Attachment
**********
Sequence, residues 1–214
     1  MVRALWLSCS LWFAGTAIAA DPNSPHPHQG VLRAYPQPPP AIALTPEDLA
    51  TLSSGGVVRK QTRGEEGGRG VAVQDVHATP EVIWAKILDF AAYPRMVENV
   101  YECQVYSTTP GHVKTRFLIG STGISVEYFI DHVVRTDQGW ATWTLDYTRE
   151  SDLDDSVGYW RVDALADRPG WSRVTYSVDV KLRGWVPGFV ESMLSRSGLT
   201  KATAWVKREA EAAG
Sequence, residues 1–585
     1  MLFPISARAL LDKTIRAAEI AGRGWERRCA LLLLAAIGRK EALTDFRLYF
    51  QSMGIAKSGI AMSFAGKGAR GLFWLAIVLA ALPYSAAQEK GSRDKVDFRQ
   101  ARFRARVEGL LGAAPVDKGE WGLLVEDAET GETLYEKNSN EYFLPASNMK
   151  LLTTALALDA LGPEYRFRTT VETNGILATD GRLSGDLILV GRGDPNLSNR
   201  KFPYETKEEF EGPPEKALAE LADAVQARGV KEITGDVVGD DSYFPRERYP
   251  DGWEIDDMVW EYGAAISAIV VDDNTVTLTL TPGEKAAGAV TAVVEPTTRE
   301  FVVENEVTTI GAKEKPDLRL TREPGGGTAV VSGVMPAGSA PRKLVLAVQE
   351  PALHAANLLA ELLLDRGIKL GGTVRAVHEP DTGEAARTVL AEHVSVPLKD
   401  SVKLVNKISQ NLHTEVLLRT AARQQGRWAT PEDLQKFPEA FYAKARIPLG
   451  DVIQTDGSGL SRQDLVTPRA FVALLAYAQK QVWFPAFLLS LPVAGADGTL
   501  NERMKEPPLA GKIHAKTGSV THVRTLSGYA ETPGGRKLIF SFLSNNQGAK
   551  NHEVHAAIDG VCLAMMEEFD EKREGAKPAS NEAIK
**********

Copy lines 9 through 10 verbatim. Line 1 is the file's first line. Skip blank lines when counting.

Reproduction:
    51  QSMGIAKSGI AMSFAGKGAR GLFWLAIVLA ALPYSAAQEK GSRDKVDFRQ
   101  ARFRARVEGL LGAAPVDKGE WGLLVEDAET GETLYEKNSN EYFLPASNMK